Stories
Slash Boxes
Comments
NOTE: use Perl; is on undef hiatus. You can read content, but you can't post it. More info will be forthcoming forthcomingly.

All the Perl that's Practical to Extract and Report

The Fine Print: The following comments are owned by whoever posted them. We are not responsible for them in any way.
 Full
 Abbreviated
 Hidden
More | Login | Reply
Loading... please wait.
  • Crud! My original response got eaten by my browser, after I accidently pressed a bookmark. Typing a different one:

    I never claimed that an author should be forced to "open-source" his work. For example, the CC-by-nc-nd licence is anything but open-content, but is still a valid and acceptable copyright licence, that permits non-commercial redistribution of works under it (and other digital and tangible fair use). In my older article [shlomifish.org] I made the claim that it should be illegal for anyone to prevent non-commercial redistribution of the public works of their (or other people) and gave many good arguments for that. I still support that article and find it valid.

    In my new article (the "Closed books" one) I took a less fanatical approach, and just claimed that in this day and age, not making a book available online causes you to lose money, causes a lot of feelings of resentment, is an admission of failure ("the online documentation sucks and thanks to me will remain so"), and something an author should voluntarily consider against, at least until the laws are changed for the better, which won't be bad for anyone, including the publishers/media-distributors/etc.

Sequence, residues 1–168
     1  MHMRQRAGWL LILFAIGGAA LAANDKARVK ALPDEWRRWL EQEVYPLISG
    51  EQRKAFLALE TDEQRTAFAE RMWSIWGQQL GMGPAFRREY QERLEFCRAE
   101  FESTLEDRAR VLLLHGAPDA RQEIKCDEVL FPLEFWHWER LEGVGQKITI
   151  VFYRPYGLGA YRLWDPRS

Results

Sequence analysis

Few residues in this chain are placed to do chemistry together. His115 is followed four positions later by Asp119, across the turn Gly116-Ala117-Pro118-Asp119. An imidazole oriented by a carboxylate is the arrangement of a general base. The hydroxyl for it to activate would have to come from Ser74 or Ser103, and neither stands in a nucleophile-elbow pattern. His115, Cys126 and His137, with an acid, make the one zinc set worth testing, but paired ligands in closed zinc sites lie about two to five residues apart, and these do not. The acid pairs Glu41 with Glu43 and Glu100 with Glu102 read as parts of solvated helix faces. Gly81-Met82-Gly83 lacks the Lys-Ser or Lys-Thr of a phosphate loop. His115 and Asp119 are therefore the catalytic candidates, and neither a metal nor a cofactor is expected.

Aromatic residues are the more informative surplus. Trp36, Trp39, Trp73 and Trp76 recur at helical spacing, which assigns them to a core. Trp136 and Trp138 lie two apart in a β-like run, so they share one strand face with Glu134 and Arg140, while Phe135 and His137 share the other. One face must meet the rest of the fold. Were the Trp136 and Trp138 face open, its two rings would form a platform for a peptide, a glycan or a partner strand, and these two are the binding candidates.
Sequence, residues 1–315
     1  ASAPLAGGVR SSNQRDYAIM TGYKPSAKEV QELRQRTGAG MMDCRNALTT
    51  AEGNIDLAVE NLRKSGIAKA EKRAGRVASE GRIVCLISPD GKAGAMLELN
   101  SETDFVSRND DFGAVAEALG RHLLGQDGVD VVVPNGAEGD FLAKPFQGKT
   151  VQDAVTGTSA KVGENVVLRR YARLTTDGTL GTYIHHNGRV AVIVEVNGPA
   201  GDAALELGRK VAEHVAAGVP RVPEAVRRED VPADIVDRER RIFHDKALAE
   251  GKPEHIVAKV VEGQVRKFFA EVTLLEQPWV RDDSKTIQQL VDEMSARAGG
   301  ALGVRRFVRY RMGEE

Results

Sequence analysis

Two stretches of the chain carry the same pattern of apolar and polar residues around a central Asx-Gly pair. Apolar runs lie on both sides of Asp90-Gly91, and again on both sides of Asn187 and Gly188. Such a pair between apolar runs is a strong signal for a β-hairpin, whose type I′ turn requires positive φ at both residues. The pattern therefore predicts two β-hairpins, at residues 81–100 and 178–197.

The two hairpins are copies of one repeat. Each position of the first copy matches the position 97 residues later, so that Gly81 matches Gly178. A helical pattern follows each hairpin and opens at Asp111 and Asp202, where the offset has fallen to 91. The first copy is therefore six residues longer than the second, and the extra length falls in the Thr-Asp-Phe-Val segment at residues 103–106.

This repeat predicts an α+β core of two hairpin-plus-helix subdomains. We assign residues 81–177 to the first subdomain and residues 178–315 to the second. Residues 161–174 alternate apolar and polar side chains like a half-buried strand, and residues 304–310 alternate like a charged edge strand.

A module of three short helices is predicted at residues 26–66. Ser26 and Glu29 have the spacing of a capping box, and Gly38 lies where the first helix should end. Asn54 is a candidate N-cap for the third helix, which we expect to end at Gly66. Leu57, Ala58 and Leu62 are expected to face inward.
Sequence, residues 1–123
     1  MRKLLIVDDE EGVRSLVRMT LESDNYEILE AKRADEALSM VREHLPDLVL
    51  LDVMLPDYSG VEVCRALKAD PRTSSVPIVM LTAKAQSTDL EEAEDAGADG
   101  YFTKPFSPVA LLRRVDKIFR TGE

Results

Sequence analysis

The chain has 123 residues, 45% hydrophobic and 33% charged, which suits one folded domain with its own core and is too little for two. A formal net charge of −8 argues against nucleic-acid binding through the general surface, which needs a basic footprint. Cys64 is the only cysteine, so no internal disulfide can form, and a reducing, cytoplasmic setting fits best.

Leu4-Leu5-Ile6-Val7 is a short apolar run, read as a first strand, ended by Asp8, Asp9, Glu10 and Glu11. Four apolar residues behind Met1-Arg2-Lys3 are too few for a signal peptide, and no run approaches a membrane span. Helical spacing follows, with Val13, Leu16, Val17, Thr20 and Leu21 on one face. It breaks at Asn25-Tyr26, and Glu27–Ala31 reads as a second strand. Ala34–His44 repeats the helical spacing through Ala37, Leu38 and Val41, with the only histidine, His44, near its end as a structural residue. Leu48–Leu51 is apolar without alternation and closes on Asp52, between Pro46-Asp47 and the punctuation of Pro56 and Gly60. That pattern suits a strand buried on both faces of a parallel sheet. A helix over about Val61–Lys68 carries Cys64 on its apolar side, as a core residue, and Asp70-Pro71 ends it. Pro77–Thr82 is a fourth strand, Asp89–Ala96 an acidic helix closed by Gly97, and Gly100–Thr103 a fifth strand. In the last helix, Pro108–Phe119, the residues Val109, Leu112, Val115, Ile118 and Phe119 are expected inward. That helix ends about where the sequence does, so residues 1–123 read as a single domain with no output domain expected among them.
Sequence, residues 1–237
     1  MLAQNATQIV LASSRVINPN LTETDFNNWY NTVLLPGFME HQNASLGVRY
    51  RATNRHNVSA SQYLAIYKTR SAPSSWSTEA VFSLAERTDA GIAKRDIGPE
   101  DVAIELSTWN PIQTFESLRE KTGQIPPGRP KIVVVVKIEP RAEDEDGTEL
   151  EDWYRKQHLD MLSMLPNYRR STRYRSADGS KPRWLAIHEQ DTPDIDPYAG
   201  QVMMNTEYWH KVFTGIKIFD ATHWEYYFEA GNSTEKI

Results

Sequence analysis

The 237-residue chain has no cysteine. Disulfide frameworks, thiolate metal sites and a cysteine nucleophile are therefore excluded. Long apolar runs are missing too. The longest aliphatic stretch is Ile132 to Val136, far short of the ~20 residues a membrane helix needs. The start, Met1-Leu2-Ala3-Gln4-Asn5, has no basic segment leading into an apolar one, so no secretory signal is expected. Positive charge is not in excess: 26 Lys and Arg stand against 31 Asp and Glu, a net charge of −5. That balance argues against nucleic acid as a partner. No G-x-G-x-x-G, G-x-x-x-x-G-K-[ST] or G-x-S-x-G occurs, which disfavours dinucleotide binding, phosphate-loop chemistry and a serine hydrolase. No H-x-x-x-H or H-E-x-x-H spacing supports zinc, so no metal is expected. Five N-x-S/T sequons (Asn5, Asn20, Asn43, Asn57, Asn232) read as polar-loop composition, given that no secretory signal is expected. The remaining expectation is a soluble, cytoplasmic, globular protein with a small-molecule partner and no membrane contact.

You said you enjoy your digital copies. That's good, but you cannot put them online, cannot link to them, and may not be able to quote substantial parts from them. I'd like to change that. I want O'Reilly (or whoever) to allow that for their books. I'm not forcing them to do so, but I think it would be good for them and certainly good for us.

    ( My family and I bought and are still buying many paperware books, BTW. )

    • I would agree that making available != open sourcing but I would lean towards it being a moral decision by the author but not a Kantian Moral Imperative.

      I think making a text available is very nice thing an author can do for the text and the audience.

      • OK, based on what Wikipedia says about "Kantian Moral Imperatives" [wikipedia.org] , I think I understand what you mean. I never claimed that an originator of an artwork must make it available online for free distribution. He may also try to prevent people from doing so by using copyrights protection (which I find undesirable and bad, but not unethical) or by not providing an electronic copy.

        However, what he must not do is try to harass the people who redistribute it non-commercially by using such measures as DMCA taked